What's Your Beef? Loud Pipes

So, tell me how is it that law enforcement can pick out a loud party, but they can’t pick out a loud motorcycle?  

Several years ago, while on a family vacation in Glacier National Park, we hiked into the Granite Park Chalet.  Five miles into the trek, I noticed that the only man-made sound I could hear was from the loud motorcycles on the Going-to-the-Sun Road. When I returned to Logan Pass the next day, I took the opportunity to stop by the visitors’ center to ask a park ranger why loud bikes are allowed in the park.  He said that it was up to the state of Montana to enforce vehicle noise violations. 

Montana Law MCA 61-9-403 requires that every motor vehicle must have a muffler, and MCA 61-9-418 sets decibel limits based on the date the motorcycle was manufactured. A motorcycle made prior to 1970 is limited to 92 db. or about as loud as a food processor. Any bike manufactured after 1987 is limited to 70 db. or about the same noise level as a dishwasher. Bikes in between follow a graduated scale.

Why then are there so many loud motorcycles on our streets and highways? The standard argument is that “Loud pipes save lives.” But there is no data that supports this myth. Insurance companies whose job it is to assess risk don’t offer discounts based on how loud the motorcycle is. Dollar for dollar, a Honda Goldwing which makes almost no noise can be cheaper to insure than a customized Harley-Davidson. In reality, the false sense of security created by the loud noise probably reduces the level of caution, leading some to ride like drunken cowboys.  Ironically, a loud exhaust makes it impossible for the rider to hear the traffic around them and many of these riders wear earplugs. In addition, since the noise is directed backwards, it won’t be heard by the car driver in front changing lanes or the one pulling out into traffic especially if their windows are up and the A/C and radio are on.  Car manufactures spend millions to make their car interiors quiet and their sound systems awesome. One EMT commented that motorcycle riders who think loud pipes will keep them safe are referred to as “Organ Donors.” Helmets save lives, so does riding with the headlight on. Loud pipes have more to do with Freud than safety.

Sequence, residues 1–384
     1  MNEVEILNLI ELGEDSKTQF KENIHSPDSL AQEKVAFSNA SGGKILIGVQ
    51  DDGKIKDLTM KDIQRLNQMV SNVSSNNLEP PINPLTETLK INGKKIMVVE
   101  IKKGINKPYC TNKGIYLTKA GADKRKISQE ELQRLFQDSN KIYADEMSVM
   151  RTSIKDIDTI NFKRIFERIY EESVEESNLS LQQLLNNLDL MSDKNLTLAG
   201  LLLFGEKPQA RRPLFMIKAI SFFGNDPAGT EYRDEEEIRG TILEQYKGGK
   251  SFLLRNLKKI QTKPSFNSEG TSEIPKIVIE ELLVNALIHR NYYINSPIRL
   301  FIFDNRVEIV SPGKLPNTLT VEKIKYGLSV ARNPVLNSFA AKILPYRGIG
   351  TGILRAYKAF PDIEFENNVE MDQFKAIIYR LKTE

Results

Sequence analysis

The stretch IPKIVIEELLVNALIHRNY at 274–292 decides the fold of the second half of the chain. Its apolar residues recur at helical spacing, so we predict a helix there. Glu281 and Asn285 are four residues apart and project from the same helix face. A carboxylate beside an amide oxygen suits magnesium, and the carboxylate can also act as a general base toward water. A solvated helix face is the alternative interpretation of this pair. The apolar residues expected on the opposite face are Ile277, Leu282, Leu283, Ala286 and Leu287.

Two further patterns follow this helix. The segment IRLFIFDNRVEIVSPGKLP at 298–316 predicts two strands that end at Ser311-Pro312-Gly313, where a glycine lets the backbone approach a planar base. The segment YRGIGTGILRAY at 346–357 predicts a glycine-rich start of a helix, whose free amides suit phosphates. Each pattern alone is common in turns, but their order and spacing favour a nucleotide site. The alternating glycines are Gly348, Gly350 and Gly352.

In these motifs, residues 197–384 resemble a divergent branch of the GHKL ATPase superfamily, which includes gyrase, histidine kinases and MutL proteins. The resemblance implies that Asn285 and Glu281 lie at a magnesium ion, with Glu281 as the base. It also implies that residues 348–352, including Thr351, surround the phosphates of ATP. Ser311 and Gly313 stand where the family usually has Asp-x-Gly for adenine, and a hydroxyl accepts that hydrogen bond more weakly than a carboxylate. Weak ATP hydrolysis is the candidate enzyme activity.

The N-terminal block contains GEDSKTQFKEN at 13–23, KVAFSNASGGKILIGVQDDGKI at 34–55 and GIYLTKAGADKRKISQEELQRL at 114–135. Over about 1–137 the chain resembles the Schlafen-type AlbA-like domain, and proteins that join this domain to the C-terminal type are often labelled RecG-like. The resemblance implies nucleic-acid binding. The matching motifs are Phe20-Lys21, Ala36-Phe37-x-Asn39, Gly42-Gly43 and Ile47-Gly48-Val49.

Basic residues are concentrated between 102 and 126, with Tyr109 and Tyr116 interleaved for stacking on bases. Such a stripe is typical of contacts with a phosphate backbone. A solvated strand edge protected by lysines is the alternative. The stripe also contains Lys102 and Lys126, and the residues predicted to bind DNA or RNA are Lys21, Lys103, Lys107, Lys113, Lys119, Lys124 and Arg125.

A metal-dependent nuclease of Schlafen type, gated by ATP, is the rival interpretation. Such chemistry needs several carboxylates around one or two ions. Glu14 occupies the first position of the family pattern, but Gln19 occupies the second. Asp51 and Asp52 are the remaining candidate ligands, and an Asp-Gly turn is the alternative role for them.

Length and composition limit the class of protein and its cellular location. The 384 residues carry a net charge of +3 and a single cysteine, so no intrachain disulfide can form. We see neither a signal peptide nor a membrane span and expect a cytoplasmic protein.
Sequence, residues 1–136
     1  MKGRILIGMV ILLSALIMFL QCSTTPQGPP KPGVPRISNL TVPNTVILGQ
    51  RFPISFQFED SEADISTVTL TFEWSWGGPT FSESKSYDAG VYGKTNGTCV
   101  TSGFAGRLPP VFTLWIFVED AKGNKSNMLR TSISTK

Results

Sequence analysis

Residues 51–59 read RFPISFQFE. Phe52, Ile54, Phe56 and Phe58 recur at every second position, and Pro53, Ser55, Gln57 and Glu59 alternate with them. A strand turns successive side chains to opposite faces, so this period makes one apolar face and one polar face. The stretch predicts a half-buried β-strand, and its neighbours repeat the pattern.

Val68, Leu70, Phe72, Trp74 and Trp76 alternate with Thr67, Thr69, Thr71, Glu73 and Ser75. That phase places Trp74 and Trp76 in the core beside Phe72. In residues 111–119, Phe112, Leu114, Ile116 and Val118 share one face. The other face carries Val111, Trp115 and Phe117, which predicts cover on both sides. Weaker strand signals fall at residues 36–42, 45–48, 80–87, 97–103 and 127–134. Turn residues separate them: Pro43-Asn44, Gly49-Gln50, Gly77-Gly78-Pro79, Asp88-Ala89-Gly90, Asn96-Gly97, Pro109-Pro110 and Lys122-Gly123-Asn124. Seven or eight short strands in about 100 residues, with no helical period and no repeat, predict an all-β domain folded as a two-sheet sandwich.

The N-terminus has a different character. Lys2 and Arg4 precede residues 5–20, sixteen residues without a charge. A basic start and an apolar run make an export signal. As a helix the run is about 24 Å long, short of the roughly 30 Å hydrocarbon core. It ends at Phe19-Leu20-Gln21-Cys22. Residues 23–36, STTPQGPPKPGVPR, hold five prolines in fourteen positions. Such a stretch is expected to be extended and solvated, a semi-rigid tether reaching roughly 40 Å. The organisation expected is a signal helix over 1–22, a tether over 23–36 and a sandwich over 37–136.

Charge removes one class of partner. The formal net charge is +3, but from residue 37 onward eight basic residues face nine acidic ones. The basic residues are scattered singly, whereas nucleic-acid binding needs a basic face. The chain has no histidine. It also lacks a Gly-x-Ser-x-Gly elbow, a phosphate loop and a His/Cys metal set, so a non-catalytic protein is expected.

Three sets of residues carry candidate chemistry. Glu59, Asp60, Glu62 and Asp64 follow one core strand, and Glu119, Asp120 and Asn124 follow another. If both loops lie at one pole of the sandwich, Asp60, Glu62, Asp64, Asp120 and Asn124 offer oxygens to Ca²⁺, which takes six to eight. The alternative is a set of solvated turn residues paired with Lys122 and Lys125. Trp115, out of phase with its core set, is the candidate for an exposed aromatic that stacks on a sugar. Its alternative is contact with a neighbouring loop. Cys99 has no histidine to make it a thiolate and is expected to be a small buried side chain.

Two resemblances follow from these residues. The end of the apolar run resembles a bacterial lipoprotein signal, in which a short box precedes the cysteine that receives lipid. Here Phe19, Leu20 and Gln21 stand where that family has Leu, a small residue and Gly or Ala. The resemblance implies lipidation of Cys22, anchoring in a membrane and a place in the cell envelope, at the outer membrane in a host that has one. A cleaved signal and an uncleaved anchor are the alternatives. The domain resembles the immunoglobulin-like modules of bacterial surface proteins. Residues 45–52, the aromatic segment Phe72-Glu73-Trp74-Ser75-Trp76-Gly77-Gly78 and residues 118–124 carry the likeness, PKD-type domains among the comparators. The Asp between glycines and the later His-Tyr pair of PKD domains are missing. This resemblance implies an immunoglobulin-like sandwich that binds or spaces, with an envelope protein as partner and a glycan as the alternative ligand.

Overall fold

Here in Bozeman, there seems to be more and more loud motorcycles every summer. Case in point, while riding the chair lift at Bridger a few winters ago I met the owner of the local Harley-Davidson dealership. He commented that often times the first thing a new bike owner does is have the mechanics take off the factory exhaust system and replace it with one that is only approved for competition. He’s making money. Downtown business owners complain that with their doors open on warm days, they have to stop conversations with customers when loud bikes blast down Main Street. Residential neighborhoods blocks away from traffic also endure the racket.  Riders may wait until they’re in someone else’s neighborhood before they really get on it, but it doesn’t matter, they’re everywhere now. And loud bikes on the interstate can be heard all over the valley and into the surrounding mountains.    

Communities spend anywhere from three to five hundred thousand dollars to install a single quiet railroad crossing, so trains don’t have to sound their horn. Jet engine manufacturers have spent, and are spending, millions to reduce jet noise. All these efforts are for naught when an Easy Rider wannabe with loud pipes takes to the road.

Recently, the Bozeman Police Department ordered a decibel meter so that they can accurately measure vehicle noise. But, as a quality of life issue, it’s not a high priority and is driven almost exclusively by complaints. Consequently, they need a license plate or an owner address. Let’s face it, riding a motorcycle on city streets and highways can be dangerous. I know; I rode for years with a factory exhaust system. I credit a booklet I was given called “Intelligent Motorcycling” for keeping me upright. Loud pipes are not the answer besides they’re against the law.   

Brian Leland has an engineering degree from MSU, is an electrical contractor and a Bozeman resident since 1977.